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ARTIST IN ASHLAND

Anthony Lewis

Like many artists, Anthony Lewis spent many years studying art and admiring the work of the masters: from Van Gough to da Vinci and Raphael. He also spent a lot time emulating their styles, painting still life and landscapes in learned techniques. Ironically, it was going to Europe and seeing the originals paintings by those masters that resulted in Lewis finding his own style.

“The art I saw really moved me and made me realize I just needed to paint,” said Lewis. “When I see art in books I seem to glorify it; I thought it was beyond reach. The real art made me want to rush home and paint.”

After his travels, Lewis returned to his home country of Grenada for eight months, where he started to put his built-up creative energy on canvas.

“While I was painting there I started to break away from my traditional work,” he said. “When I came back [to Oregon] that just continued.”

From this, his current series of paintings were born. Out of his lifetime of experience of creating art, it is this series, a series of oil paintings depicting music, that Lewis feels is his best work. And, for the first time, Lewis feels that it is a true representation of his own painting style.

“With this series, I’m not trying to copy anyone,” he said. “I’ve not been trained to do it. This is the first time I’m painting my way, it feels natural to me. It is so much easier to not try to be like anything else. It’s totally liberating.”

His current series, which has been on display at Mojo Rising since First Friday of July, is more abstract than Lewis’ earlier work. A swirl or musical imagery, human figures, colors and shapes, his work attempts to convey the feeling of music through a 2-dimensional image.

“How do you paint music?” asked Lewis, who listens to a lot of music while creating art, saying it helps him emotionally bridge the gap between his imagination and the canvas. “I’m not trying to depict an image so much as express a feeling. In each painting I strive to capture the essence of music.”

Because the emotions people can feel from music change throughout a piece, visually depicting shifting emotions has been Lewis’ goal.

“The feelings music evoke within me are continually shifting,” said Lewis. “Imagine a vast desert of shifting sand dunes or the shifting waves on the beaches of our planet. Capturing the emotional shifts are my challenge and joy.”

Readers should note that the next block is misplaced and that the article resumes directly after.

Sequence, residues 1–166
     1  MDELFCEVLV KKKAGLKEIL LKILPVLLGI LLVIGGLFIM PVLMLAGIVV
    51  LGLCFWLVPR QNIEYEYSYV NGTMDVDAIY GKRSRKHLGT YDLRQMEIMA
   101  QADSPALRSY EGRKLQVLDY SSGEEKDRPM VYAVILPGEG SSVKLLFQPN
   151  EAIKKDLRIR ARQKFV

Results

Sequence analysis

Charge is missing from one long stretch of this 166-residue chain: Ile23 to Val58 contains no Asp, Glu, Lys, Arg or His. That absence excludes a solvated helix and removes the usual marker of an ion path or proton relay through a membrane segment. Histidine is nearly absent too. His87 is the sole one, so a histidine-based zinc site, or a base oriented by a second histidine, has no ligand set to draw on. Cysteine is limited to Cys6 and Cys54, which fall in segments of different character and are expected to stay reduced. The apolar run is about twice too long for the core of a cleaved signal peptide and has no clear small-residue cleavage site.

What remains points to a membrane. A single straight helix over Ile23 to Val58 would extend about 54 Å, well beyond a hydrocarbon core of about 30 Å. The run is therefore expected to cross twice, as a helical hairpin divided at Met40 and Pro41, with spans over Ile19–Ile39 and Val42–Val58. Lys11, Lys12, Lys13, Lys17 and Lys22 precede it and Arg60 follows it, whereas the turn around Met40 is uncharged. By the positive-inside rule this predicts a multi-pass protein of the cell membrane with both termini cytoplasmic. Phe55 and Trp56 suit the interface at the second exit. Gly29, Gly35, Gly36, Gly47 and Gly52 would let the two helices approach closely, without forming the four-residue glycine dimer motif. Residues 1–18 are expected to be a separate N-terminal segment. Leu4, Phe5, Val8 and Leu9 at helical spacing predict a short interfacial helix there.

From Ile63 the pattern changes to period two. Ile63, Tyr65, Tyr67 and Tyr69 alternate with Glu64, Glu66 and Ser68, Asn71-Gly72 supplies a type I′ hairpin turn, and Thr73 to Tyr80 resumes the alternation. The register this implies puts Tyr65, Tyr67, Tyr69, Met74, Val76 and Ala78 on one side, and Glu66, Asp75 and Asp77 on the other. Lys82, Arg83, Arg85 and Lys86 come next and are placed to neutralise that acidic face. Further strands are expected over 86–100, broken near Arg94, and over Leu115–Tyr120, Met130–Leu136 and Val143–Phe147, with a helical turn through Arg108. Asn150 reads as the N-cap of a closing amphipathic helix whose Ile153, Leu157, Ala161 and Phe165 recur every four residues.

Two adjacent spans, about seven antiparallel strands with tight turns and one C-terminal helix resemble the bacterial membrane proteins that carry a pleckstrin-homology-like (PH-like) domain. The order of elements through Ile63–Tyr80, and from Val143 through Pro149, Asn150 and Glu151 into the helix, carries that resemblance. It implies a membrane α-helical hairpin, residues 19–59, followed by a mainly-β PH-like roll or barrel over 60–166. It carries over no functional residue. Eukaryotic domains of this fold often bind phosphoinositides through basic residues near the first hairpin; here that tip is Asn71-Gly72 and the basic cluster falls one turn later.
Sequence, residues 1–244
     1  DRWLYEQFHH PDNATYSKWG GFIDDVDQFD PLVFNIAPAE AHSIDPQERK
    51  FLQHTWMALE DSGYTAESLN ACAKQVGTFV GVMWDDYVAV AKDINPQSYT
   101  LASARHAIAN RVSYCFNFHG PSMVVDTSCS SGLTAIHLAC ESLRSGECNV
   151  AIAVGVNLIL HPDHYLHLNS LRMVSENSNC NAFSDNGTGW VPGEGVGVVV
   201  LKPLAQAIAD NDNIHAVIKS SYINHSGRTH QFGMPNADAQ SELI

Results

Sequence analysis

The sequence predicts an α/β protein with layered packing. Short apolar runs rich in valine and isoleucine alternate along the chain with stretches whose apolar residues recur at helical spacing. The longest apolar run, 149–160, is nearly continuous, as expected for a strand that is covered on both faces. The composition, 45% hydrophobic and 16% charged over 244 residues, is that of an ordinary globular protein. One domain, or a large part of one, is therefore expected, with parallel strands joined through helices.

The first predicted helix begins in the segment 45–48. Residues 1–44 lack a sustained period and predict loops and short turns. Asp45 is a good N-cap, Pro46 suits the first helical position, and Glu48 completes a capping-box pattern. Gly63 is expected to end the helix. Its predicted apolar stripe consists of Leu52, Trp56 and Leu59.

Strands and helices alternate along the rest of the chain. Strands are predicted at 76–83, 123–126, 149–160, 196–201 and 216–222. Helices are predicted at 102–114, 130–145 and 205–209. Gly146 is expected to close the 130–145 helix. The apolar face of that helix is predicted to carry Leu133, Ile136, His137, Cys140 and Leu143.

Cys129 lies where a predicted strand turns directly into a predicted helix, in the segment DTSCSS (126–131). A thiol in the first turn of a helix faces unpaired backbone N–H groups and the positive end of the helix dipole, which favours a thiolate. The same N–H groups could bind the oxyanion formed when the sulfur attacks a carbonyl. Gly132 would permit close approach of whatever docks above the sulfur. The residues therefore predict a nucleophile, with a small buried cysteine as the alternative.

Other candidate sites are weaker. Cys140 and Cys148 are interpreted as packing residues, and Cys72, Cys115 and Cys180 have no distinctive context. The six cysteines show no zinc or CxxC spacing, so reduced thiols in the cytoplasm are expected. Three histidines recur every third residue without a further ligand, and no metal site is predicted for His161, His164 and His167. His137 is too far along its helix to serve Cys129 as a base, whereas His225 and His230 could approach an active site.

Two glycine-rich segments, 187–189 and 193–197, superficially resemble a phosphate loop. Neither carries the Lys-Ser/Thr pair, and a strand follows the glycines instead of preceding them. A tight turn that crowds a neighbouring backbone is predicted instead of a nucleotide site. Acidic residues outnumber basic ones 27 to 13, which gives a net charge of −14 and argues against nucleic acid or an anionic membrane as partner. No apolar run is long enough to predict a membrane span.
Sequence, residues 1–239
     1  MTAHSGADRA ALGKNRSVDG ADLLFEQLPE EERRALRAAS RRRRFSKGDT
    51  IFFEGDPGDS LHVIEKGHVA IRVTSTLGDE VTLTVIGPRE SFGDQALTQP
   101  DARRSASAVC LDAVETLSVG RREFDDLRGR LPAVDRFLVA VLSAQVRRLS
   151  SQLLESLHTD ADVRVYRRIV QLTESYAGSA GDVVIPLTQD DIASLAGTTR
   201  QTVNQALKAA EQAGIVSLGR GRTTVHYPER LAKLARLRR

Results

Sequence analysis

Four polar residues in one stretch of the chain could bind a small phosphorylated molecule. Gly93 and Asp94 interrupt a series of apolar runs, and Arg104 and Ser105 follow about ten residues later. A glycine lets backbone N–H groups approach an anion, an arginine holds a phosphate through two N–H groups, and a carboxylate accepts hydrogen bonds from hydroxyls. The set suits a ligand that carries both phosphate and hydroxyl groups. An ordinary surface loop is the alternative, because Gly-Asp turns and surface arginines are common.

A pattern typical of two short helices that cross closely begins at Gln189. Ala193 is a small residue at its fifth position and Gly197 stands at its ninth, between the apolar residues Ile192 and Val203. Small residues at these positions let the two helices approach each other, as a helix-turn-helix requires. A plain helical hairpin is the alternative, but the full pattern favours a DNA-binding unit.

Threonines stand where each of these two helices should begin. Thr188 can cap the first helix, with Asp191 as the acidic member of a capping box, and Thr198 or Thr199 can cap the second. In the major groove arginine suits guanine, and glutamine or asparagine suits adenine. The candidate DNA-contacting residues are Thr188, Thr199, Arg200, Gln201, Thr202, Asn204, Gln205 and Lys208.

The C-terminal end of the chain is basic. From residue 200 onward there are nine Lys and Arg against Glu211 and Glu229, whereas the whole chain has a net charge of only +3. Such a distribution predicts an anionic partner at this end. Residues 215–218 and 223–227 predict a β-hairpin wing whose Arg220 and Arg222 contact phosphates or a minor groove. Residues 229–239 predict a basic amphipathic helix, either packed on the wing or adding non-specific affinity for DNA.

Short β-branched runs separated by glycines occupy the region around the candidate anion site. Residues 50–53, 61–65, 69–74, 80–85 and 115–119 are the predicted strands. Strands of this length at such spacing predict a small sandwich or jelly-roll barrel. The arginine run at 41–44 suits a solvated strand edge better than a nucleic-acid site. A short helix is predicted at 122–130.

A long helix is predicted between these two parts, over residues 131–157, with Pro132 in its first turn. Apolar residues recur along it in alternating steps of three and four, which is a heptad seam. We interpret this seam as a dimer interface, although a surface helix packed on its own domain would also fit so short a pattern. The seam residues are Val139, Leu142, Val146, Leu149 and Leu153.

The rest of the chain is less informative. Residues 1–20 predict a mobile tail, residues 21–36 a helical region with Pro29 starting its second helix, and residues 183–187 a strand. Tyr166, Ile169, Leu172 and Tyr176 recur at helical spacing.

Another aspect that has been pushing this series is the connection Lewis feels with Ashland.

“This is a town that’s all about music,” said Lewis. “I love the town and I love the music that comes out of it. I would like it if the people who lived here really felt my paintings belong in the community and valued them.”

Having his work on display for First Friday allowed Lewis to hear a lot of feedback from the community. In fact, Lewis spent much of his evening at his own show sitting in corners, listening to what people had to say about his work. Overall, Lewis feels good about the response.

“I’ve been lucky,” he said. “I’ve gotten a lot of positive feedback from other artist and people who came to the show. It builds up my confidence and my belief in what I’m doing.”

That ratification from art viewers is much appreciated by Lewis, who has recently decided to dedicate himself to painting. With university degrees in painting/drawing and visual design and business administration, a gaming company recruited Lewis to design computer games. Though he always loved painting, he took the job, as he was worried about being ale to support himself with art alone.

“I wanted to paint but I also wanted to make money,” he smiled. “Sometimes those things are not compatible.”

After working on computer games for a better part of a decade, Lewis realized that he wasn’t painting as much as he wanted.

“It’s my calling,” he said. “I decided I had to do it.”

As far as finances go, Lewis has accepted what goes along with his chosen profession.

“Hopefully I sell enough stuff to feed myself and my family,” said Lewis. “I just want to paint.”

As for now, Lewis is going to continue to work on his music series. He also looks forward to future series with his newfound technique, including one on the current world situation.

“I would like to capture my take on what has been going on in the last few years on canvas in my own style,” said Lewis, who wishes to put his own abstract edge on those pieces, so that levels of political nature may shine through to those who look for it. “Maybe I will think that it’s political but when someone looks at it they will not see it.”

Overall, it is that ability for different people to see different things in his work that Lewis is so proud of.

“My paintings are pretty open to interpretation,” he said. “Every single one means something to me, but I don’t want to tell people what to think. I want people to look at them and have something happen on their own. I just put a little part of me on the canvas for other humans to interpret as they like. And if it speaks to them, I’m happy. And if it doesn’t that’s OK, too.”